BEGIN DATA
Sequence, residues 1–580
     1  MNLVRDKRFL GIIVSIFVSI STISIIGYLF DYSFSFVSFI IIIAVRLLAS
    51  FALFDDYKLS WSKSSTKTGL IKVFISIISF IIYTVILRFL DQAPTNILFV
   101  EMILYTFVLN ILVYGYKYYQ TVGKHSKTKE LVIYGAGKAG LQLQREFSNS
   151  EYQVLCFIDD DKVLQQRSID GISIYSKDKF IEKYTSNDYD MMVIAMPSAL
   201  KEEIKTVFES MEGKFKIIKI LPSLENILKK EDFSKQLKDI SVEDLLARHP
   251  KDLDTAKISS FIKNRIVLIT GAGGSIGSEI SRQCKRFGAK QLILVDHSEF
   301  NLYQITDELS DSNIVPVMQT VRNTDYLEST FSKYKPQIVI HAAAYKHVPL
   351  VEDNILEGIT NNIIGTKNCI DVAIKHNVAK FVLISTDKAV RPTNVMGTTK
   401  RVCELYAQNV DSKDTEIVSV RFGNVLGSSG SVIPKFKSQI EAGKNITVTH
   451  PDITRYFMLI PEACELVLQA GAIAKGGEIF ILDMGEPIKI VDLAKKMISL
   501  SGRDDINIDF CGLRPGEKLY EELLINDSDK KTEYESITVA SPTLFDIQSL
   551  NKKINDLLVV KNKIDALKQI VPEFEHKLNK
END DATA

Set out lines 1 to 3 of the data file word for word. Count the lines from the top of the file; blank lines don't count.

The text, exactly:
Sequence, residues 1–580
     1  MNLVRDKRFL GIIVSIFVSI STISIIGYLF DYSFSFVSFI IIIAVRLLAS
    51  FALFDDYKLS WSKSSTKTGL IKVFISIISF IIYTVILRFL DQAPTNILFV